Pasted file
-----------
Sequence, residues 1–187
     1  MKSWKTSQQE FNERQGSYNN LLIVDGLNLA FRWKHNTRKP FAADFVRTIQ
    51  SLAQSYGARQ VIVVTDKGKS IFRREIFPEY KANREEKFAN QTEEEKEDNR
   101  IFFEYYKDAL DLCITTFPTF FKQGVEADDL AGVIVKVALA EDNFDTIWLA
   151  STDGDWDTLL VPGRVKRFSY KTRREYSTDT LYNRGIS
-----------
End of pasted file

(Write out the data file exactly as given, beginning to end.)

Sequence, residues 1–187
     1  MKSWKTSQQE FNERQGSYNN LLIVDGLNLA FRWKHNTRKP FAADFVRTIQ
    51  SLAQSYGARQ VIVVTDKGKS IFRREIFPEY KANREEKFAN QTEEEKEDNR
   101  IFFEYYKDAL DLCITTFPTF FKQGVEADDL AGVIVKVALA EDNFDTIWLA
   151  STDGDWDTLL VPGRVKRFSY KTRREYSTDT LYNRGIS